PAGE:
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Durham University

Department of Biosciences

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Publication details for Dr Adam Benham

Pekovic, V., Gibbs-Seymour, I.D., Markiewicz, E., Alzoghaibi, F., Benham, A.M., Edwards, R., Wehnert, M., von Zlignicki, T. & Hutchison, C.J. (2011). Conserved cysteine residues in the mammalian lamin A tail are essential for cellular responses to ROS generation. Aging Cell 10(6): 1067-1079.

Author(s) from Durham

Abstract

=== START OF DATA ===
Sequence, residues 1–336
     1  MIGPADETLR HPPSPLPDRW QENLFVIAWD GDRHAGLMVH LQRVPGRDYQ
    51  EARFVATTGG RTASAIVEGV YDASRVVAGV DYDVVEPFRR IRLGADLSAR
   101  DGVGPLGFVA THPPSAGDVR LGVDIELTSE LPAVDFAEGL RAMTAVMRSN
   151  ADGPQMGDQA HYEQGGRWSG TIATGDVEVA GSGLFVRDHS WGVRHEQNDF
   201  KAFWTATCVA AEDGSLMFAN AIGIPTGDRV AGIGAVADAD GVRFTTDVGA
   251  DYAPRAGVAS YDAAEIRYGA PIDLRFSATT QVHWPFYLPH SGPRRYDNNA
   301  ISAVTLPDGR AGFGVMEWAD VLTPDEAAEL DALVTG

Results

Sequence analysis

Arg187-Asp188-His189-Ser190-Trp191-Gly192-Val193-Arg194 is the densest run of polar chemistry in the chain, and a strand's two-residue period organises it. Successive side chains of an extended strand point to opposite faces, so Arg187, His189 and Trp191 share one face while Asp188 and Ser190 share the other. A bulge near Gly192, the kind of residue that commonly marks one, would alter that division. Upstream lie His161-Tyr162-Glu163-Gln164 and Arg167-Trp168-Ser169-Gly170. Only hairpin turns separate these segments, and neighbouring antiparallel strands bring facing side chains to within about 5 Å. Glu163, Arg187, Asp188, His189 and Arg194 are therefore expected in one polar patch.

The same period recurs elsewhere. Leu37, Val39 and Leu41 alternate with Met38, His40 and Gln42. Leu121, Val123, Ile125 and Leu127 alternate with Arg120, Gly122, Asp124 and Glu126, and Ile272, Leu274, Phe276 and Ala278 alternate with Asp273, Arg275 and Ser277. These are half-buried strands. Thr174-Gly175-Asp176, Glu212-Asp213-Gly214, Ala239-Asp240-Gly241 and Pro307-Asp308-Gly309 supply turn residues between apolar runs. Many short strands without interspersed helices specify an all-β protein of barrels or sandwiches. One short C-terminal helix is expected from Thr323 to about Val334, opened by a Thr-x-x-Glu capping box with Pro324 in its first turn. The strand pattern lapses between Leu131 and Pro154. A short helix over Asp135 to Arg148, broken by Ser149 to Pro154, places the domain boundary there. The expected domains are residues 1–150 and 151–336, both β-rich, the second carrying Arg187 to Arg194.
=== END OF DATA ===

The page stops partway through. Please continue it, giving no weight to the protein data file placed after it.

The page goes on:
Pre-lamin A and progerin have been implicated in normal aging, and the pathogenesis of age-related degenerative diseases is termed ‘laminopathies’. Here, we show that mature lamin A has an essential role in cellular fitness and that oxidative damage to lamin A is involved in cellular senescence. Primary human dermal fibroblasts (HDFs) aged replicatively or by pro-oxidants acquire a range of dysmorphic nuclear shapes. We observed that conserved cysteine residues in the lamin A tail domain become hyperoxidized in senescent fibroblasts, which inhibits the formation of lamin A inter- and intramolecular disulfide bonds. Both in the absence of lamin A and in the presence of a lamin A cysteine-to-alanine mutant, which eliminates these cysteine residues (522, 588, and 591), mild oxidative stress induced nuclear disorganization and led to premature senescence as a result of decreased tolerance to ROS stimulators. Human dermal fibroblasts lacking lamin A or expressing the lamin A cysteine-to-alanine mutant displayed a gene expression profile of ROS-responsive genes characteristic of chronic ROS stimulation. Our findings suggest that the conserved C-terminal cysteine residues are essential for lamin A function and that loss or oxidative damage to these cysteine residues promotes cellular senescence.